More than 200,000 people in the United States are serving life sentences, a punishment that barely exists in most other western countries. Since the time I was a public defender, I’ve believed that if judges, prosecutors, and legislators could see people who have been convicted of serious crimes as individual human beings, they would rethink the policies that lock them away forever.
Before I photographed each of these women—all convicted of homicide—I visited them, learning about their lives. It broke my heart to meet a young woman who had been sentenced as a fifteen-year-old to life in prison, to meet a seventy-year-old who wonders whether she’ll die behind bars, and all the women in between.
Each woman is so much more than the one act that sent her to prison for life. They are all hard-working, resilient, dignified, introspective, and remorseful. They strive to live a meaningful life, to be worthy of our compassion.
Which leaves us as a society with the question: what do we do with a redeemed life?
SARA BENNETT has been a public defender specializing in battered women and the wrongly convicted. She draws attention to the problems of mass incarceration through her photographs of women with life sentences.
Her work has been featured in, among others, The New York Times, PBS News Hour/Art Beat, PDN Photo of the Day, Variety and Rolling Stone’s online and print edition of American (In)Justice, and hung in a variety of venues including The FENCE 2018, the 10th International ORGAN VIDA Photography Festival in Croatia, and the 2018 Indian Photography Festival. Bennett was a Top 50 finalist in the 2018 Critical Mass competition.
Founded in 2011 in Brooklyn, NY, Photoville was built on the principles of addressing cultural equity and inclusion, which we are always striving for, by ensuring that the artists we exhibit are diverse in gender, class, and race.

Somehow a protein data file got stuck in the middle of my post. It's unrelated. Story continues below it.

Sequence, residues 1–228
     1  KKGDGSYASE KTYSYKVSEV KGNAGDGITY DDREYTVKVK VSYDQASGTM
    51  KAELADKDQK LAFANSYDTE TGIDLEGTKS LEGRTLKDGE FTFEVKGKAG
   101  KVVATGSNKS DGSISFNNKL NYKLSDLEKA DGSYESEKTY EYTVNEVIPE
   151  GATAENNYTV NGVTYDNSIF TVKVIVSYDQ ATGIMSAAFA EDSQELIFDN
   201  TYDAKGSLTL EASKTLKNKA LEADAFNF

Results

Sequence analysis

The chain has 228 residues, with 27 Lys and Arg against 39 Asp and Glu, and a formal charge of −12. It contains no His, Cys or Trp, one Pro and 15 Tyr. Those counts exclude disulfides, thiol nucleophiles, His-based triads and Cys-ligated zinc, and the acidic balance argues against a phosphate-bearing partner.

In pursuit of its mission, Photoville produces an annual, city-wide open air photography festival in New York City, a wide range of free educational community initiatives, and a nationwide program of public art exhibitions.
By activating public spaces, amplifying visual storytellers, and creating unique and highly innovative exhibition and programming environments, we join the cause of nurturing a new lens of representation.
Through creative partnerships with festivals, city agencies, and other nonprofit organizations, Photoville offers visual storytellers, educators, and students financial support, mentorship, and promotional & production resources, on a range of exhibition opportunities.
For more information about Photoville visit, www.photoville.com
Looking Inside: Portraits of Women Serving Life Sentences
Featuring: Sara Bennett
LocationsView Location Details Download a detailed map of this location Brooklyn Bridge Park – Emily Warren Roebling Plaza
1 Water St
Brooklyn, NY 11201
This location is part of Brooklyn Bridge Park
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Sara Bennett would like to thank these generous donors for making this exhibition possible:
Sarah Baratti – In memory of Barton Biggs – Agnes Burke – Harriet Clark – Regina Clarkin – Brett Dignam -Julia Goggin Gardiner – Patricia Lay-Dorsey – Emily Jane Goodman – Suzanne Kessler – Susan Ohanian – Elizabeth Palombo – Sandra Peguero – Providence House – Richard Rothman – Schloss family – Nancy Shapiro -Sue Shapiro – Sheinfeld/Gaffney family – Nancy and David Solomon – Jesse Sposato – Think Outside the Cell -Susan Xenarios – Fury Young